the suspected side should be DOWN How should patient be positioned in a Lateral Decubitus position if pleural effusion (fluid in pleural cavity) is suspected?
the suspected side should be UP How should patient be positioned in a Lateral Decubitus position if pneumothorax(air in pleural cavity) is suspected?
AP Semiaxial with patient in supine position - CR 15 to20 degrees cephalad What position can be substituted for AP Lordotic chest if patient is too weak to stand?
nearly horizontal and above apicies How should clavicles appear in AP Lordotic chest?
in certain studies of the heart When would a LAO be 60 degrees instead of the normal 45 degrees?
when pulmonary disease is suspected When would a LAO be 15-20 degrees instead of the normal 45 degrees?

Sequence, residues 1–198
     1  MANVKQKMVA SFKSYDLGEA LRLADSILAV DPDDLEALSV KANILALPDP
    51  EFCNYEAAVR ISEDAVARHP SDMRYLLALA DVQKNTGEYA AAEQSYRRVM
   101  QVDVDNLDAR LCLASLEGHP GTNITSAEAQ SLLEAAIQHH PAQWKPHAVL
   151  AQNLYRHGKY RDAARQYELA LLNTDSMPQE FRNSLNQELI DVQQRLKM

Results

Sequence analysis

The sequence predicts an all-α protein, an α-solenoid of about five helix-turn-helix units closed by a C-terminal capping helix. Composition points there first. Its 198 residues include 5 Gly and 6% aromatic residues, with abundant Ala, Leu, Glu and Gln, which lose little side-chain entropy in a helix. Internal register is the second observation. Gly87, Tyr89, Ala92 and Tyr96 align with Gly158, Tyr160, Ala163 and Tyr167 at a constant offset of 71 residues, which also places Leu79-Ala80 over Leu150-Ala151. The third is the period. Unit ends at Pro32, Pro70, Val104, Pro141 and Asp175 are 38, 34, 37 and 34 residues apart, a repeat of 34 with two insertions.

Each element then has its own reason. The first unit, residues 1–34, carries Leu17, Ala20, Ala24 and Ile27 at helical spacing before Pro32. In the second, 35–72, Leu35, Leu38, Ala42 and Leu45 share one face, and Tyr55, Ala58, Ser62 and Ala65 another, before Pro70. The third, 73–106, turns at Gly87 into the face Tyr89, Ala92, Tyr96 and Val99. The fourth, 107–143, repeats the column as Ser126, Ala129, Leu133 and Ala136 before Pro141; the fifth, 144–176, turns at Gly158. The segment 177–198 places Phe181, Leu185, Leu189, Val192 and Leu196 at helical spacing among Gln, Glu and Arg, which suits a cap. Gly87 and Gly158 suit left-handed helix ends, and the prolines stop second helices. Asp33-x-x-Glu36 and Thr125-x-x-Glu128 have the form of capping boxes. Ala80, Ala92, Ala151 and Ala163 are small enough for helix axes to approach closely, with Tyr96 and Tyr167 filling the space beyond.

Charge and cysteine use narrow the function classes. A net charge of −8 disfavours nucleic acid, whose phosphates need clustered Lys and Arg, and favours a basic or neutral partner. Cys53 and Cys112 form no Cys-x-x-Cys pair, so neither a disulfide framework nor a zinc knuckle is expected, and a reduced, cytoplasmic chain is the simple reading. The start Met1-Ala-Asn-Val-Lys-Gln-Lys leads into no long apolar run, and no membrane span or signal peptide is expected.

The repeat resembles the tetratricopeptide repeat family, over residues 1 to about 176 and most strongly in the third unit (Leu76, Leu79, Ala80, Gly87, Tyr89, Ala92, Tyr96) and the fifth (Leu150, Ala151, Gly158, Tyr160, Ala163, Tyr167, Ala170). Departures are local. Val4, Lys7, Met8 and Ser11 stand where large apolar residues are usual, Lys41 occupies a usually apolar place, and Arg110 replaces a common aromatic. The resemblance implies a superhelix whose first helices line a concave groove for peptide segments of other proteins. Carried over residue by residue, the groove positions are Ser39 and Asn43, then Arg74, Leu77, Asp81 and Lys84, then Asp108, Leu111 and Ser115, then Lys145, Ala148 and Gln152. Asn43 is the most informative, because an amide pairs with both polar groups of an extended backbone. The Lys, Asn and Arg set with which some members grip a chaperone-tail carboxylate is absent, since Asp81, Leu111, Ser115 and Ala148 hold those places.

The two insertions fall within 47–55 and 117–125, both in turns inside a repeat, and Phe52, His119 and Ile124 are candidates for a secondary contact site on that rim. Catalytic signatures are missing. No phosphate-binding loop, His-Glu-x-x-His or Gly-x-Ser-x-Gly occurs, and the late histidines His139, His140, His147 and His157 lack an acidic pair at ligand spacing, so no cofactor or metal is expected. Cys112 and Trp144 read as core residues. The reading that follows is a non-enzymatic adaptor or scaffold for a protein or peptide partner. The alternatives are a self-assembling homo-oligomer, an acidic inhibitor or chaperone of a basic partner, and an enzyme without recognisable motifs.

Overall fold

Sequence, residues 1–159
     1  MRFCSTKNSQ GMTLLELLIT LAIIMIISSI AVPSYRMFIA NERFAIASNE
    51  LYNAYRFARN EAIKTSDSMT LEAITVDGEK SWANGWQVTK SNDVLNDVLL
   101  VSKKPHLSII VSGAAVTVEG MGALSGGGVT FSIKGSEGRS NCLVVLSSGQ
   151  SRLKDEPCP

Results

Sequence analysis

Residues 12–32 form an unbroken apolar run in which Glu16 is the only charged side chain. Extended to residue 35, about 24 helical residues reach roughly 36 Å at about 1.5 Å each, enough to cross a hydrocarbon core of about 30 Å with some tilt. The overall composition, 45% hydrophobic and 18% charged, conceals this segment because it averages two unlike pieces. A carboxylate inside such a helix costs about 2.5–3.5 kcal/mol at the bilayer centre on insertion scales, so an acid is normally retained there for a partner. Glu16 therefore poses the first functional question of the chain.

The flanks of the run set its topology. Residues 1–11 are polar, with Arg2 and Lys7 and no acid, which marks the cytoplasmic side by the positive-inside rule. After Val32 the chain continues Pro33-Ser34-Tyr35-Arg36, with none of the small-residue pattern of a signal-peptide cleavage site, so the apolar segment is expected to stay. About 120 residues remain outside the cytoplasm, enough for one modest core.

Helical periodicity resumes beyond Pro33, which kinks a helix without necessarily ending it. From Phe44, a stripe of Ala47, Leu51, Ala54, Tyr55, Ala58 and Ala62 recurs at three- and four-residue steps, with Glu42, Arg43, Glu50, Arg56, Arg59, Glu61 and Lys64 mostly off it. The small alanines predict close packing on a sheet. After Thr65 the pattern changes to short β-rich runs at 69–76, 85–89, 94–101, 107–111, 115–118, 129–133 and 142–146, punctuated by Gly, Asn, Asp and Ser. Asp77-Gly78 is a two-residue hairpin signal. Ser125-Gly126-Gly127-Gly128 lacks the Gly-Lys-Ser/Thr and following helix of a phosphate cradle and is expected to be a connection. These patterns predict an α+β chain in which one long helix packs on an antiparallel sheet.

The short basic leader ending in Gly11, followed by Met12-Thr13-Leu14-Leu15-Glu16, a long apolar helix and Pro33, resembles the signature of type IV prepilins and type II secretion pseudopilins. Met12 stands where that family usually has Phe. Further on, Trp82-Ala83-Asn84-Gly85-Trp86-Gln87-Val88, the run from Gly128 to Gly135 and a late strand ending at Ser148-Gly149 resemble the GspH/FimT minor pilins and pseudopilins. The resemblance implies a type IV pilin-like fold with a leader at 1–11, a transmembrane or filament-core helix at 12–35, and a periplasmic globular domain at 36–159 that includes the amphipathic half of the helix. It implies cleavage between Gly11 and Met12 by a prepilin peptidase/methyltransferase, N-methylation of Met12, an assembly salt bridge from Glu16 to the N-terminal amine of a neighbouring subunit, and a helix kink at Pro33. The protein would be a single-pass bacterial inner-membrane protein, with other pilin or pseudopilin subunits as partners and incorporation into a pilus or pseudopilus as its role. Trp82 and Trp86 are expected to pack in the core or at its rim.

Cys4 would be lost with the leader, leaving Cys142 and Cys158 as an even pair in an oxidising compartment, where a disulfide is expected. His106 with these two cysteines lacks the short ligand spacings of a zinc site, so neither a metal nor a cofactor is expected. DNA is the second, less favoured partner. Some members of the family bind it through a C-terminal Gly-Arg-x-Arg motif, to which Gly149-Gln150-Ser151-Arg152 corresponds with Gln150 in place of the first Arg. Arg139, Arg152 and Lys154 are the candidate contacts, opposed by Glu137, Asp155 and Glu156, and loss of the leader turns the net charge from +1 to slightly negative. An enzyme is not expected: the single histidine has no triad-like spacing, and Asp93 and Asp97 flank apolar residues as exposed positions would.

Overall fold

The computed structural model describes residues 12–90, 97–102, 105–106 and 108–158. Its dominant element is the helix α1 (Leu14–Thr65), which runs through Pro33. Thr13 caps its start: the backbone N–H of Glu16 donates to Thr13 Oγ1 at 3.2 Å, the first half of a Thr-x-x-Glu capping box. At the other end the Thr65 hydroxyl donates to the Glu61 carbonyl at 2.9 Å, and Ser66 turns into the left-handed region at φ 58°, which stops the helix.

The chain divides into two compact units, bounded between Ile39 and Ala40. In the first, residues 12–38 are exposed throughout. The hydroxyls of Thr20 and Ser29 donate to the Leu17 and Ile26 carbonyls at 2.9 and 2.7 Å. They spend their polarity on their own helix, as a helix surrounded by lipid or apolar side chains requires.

Closest Posterior obliques provide best visualization of the side " " to the IR.
Farthest Anterior obliques provide best visualization of the side " " to the IR.
10x12 LW What size cartridge is used in the Lateral Upper Airway xray?
Upright, seated or standing in lateral position What is best patient position in the Lateral Upper Airway xray?
rotated posteriorly with arms down and clasped in back How should shoulders be positioned in the Lateral Upper Airway xray?
Top of IR at EAM (opening of ear) What is IR position in the Lateral Upper Airway xray?
level of C6 orC7 What is CR position in the Lateral Upper Airway xray?
breathe in slowing so airway is filling trachea What are breathing instructions in the Lateral Upper Airway xray?
raise chin so that acanthiomeatal line is perpendicular to the IR AND IR height is 1-1/2 in below EAM What is IR position in the AP Upper Airway xray?
Created by: studyRAD